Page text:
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Broadband Companies Line Up for Their Netflix Deals

Verizon wants a deal like the one Comcast got. AT&T, too.

Asa Mathat
Peter Kafka covers media and technology, and their intersection, at Vox. Many of his stories can be found in his Kafka on Media newsletter, and he also hosts the Recode Media podcast.

Now that Netflix has signed a traffic delivery deal with Comcast, will we see similar pacts with other broadband providers?

Yes, say other broadband providers. Or, more precisely: Other broadband providers say they’ve been in negotiations with Netflix over similar arrangements to the one Netflix and Comcast announced yesterday.

Earlier today, Verizon CEO Lowell McAdam told CNBC that his company has been talking to Netflix about a traffic deal for more than a year, and that he expected Netflix CEO Reed Hastings to pay up, just like he is doing with Comcast.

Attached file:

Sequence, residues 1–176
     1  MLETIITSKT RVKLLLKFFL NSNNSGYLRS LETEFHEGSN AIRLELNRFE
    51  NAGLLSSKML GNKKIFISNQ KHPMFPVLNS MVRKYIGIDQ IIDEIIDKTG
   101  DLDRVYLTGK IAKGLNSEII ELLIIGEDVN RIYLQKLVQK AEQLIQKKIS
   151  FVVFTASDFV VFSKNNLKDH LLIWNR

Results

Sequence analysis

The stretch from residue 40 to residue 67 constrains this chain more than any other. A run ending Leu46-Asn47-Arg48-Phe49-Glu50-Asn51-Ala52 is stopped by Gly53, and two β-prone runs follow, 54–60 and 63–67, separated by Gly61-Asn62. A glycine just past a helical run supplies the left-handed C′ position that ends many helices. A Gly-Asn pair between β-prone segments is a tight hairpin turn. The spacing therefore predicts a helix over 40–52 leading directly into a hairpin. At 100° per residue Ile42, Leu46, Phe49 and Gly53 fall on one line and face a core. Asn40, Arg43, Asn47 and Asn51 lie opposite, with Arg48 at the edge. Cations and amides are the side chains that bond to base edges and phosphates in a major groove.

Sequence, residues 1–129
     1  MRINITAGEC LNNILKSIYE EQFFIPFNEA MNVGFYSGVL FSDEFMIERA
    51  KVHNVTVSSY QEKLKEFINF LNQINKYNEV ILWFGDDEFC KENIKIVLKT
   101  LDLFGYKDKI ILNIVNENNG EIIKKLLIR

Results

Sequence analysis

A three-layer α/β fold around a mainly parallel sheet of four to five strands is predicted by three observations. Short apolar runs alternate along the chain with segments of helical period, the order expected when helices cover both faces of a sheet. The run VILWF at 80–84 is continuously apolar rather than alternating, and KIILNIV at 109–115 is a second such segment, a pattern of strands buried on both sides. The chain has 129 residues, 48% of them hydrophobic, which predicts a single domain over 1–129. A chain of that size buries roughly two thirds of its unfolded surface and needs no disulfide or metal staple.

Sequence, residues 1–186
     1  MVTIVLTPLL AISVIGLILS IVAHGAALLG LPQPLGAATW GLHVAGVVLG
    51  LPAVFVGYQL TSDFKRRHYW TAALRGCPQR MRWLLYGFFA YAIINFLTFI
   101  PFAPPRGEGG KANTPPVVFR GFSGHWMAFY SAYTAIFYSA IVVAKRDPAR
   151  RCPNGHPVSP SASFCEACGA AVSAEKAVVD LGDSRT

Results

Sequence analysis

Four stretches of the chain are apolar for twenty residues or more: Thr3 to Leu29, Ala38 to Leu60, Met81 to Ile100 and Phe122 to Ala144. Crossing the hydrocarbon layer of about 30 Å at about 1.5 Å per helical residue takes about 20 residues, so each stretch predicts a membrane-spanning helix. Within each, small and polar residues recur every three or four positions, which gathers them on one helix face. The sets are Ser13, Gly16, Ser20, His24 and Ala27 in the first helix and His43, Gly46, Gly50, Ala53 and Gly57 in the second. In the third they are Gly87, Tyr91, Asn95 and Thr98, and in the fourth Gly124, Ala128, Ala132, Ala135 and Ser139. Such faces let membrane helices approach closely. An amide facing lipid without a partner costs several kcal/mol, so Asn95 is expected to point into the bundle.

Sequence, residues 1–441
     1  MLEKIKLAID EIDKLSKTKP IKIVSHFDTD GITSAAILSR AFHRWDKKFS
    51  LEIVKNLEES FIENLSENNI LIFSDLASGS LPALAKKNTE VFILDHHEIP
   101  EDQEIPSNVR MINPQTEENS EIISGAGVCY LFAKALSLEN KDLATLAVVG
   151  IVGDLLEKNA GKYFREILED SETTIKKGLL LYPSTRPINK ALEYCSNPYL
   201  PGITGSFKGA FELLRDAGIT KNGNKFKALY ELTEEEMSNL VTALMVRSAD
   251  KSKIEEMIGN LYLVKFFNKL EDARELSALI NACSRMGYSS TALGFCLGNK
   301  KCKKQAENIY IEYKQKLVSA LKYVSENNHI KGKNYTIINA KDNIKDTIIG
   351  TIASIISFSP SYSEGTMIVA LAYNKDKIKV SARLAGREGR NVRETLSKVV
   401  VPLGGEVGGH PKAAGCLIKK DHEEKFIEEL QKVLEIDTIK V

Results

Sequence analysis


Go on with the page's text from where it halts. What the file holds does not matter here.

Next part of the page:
Us too, says AT&T. Here’s a statement from spokesman Mark Siegel: “We’re in discussions with Netflix to establish a more direct connection between our networks, similar to agreements we have with others, so that AT&T broadband customers who use Netflix can enjoy an even better video experience.”

While plenty of people speculated that Netflix investors would be unhappy with this scenario, that doesn’t seem to be the case: Netflix shares closed up 3 percent today. One possible conclusion you can draw: While neither Comcast or Netflix have revealed the terms of the deal, investors may have concluded that Netflix isn’t paying Comcast, the country’s largest broadband provider, very much to get its video streams through that company’s pipes, and that it won’t have to pay other providers much either.

Comcast owns NBCUniversal, which operates CNBC and is an investor in the company that owns this website.

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